Thin Colorado snowpack reported again

Another warm and dry spring in Colorado has resulted in a thin snow pack possibly increasing risk of wildfires and parched farm fields, a report said.

Colorado mountain snow depths are way below average, with the snow already gone near some mountain treelines, and scattered areas expect to be entirely devoid of snow by Memorial Day, the Denver Post reported Monday.

"The snow pack that looked healthy six weeks ago is melting very fast," Klaus Wolter, a University of Colorado climatologist, told the newspaper. "We might end up with one of the earliest melt-offs ever."

Wolter says the state has been experiencing a yearly spring warming trend since 1995. He notes the "mud season" lasted into July during wet years. "This year we've had a few mud hours," he said. "That's it."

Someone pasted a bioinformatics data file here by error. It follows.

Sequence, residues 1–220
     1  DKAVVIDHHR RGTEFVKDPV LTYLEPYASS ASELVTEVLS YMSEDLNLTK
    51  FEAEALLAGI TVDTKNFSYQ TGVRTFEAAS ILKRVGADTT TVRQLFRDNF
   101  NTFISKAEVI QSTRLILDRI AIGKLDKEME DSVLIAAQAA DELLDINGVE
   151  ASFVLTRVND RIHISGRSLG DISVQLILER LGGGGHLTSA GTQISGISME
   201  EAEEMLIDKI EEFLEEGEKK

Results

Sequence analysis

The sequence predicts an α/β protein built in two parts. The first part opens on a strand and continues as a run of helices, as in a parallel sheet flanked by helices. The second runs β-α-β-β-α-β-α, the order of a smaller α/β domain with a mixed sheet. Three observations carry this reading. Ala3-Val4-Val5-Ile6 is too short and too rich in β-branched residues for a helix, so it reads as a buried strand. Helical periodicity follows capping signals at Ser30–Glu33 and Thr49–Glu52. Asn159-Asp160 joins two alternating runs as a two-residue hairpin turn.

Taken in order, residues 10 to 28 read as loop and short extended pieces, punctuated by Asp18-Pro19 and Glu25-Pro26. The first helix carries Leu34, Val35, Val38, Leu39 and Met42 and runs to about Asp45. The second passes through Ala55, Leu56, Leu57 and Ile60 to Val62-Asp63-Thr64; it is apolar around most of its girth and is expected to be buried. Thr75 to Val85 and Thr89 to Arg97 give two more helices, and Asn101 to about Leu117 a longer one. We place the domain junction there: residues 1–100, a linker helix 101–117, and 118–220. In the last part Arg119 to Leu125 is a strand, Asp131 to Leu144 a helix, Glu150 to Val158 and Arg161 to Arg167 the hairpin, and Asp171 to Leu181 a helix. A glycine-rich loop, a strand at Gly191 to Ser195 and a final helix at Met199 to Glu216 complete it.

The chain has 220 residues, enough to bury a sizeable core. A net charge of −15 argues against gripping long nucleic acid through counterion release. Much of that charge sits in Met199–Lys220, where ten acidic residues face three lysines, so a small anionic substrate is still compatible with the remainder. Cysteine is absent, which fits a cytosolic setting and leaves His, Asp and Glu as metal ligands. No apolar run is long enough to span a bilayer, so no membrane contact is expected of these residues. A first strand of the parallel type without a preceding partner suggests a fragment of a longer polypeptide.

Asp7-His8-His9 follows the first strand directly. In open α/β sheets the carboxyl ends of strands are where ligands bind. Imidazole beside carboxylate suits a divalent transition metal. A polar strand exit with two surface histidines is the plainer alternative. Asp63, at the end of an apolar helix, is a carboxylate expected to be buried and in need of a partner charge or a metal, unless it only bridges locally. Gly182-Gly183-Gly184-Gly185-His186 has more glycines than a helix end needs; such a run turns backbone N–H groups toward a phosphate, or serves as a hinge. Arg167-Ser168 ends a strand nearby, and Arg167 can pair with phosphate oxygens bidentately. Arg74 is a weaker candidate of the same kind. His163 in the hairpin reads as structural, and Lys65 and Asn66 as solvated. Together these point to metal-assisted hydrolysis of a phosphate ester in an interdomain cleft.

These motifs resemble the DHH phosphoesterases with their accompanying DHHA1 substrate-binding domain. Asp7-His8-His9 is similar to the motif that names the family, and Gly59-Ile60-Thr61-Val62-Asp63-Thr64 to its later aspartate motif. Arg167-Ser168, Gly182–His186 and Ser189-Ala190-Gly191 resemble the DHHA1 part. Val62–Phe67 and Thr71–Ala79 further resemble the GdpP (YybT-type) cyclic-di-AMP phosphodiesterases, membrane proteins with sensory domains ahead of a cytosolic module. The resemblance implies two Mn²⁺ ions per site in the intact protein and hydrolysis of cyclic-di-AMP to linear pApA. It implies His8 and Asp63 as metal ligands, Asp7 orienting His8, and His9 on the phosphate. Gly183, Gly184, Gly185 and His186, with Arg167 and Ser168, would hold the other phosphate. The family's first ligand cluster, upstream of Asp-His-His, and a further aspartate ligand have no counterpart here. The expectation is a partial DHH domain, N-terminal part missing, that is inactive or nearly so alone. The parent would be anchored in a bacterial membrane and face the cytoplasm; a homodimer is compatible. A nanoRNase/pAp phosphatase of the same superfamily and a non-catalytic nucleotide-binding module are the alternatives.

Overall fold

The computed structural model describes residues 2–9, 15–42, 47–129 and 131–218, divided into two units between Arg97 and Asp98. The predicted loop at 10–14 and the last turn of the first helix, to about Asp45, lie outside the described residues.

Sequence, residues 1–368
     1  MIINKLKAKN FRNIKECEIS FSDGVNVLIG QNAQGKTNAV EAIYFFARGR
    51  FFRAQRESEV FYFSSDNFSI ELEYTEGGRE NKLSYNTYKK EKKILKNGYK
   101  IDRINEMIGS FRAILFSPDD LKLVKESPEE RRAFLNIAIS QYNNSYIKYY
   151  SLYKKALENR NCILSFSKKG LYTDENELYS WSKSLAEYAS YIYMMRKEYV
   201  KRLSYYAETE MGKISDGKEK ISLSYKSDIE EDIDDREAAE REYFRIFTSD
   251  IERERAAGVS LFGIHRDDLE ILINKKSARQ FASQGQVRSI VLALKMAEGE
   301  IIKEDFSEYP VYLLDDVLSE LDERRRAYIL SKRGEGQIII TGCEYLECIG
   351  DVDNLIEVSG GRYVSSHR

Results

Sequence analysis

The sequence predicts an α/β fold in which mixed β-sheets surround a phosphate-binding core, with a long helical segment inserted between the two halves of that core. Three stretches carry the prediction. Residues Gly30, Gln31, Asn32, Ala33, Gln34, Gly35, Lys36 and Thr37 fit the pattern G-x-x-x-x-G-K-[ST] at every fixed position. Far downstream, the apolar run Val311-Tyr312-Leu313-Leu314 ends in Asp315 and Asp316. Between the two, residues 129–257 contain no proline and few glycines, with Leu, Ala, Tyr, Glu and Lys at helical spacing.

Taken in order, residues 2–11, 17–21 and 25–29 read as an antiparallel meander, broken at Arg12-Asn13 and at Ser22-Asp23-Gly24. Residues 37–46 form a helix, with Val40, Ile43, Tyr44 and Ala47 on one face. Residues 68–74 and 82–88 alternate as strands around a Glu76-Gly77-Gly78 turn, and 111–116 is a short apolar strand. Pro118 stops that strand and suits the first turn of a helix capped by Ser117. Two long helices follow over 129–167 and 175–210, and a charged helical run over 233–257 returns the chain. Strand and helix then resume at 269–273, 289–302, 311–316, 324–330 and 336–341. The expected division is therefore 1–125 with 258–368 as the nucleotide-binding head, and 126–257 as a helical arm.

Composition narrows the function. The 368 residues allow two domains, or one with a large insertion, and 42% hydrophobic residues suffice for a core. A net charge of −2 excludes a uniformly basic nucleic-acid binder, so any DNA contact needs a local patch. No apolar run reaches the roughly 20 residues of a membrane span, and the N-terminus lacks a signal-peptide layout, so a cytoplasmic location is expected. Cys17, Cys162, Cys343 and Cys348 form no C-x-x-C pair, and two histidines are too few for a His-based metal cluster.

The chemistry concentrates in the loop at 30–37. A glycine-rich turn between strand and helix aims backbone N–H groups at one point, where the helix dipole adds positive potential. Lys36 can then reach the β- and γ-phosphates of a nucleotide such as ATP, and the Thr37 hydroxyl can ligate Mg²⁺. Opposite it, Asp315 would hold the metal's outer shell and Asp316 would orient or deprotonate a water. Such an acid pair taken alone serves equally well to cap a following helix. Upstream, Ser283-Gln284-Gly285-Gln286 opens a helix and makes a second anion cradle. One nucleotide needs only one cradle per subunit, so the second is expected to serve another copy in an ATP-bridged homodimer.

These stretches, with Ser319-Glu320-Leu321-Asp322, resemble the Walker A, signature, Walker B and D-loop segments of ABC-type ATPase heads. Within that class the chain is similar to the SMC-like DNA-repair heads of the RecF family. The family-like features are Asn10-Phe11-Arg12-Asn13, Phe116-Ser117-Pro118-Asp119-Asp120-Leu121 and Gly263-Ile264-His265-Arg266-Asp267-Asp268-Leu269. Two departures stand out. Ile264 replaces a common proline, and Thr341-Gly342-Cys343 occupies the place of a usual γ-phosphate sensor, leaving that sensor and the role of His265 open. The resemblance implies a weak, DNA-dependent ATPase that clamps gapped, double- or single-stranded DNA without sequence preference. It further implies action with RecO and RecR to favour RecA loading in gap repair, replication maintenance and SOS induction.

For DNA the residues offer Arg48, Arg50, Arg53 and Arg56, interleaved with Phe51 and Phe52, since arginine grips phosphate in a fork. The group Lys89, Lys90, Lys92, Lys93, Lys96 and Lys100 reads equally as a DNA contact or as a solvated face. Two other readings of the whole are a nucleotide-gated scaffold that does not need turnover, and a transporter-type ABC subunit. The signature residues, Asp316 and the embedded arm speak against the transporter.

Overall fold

Although snow depths were above average in four of eight Colorado River basins last month, April was so dry and windy that some of the snow simply blew into the clouds instead of melting, The Post reported.

The past week has been so hot and dry that western Colorado already faces a "red-flag warning" for forest fires.

Copyright 2006 by United Press International


Explore further

But it's a dry heat: Climate change and the aridification of North America

Citation: Thin Colorado snowpack reported again (2006, May 22) retrieved 5 July 2020 from https://phys.org/news/2006-05-thin-colorado-snowpack.html
This document is subject to copyright. Apart from any fair dealing for the purpose of private study or research, no part may be reproduced without the written permission. The content is provided for information purposes only.
0 shares

Feedback to editors

User comments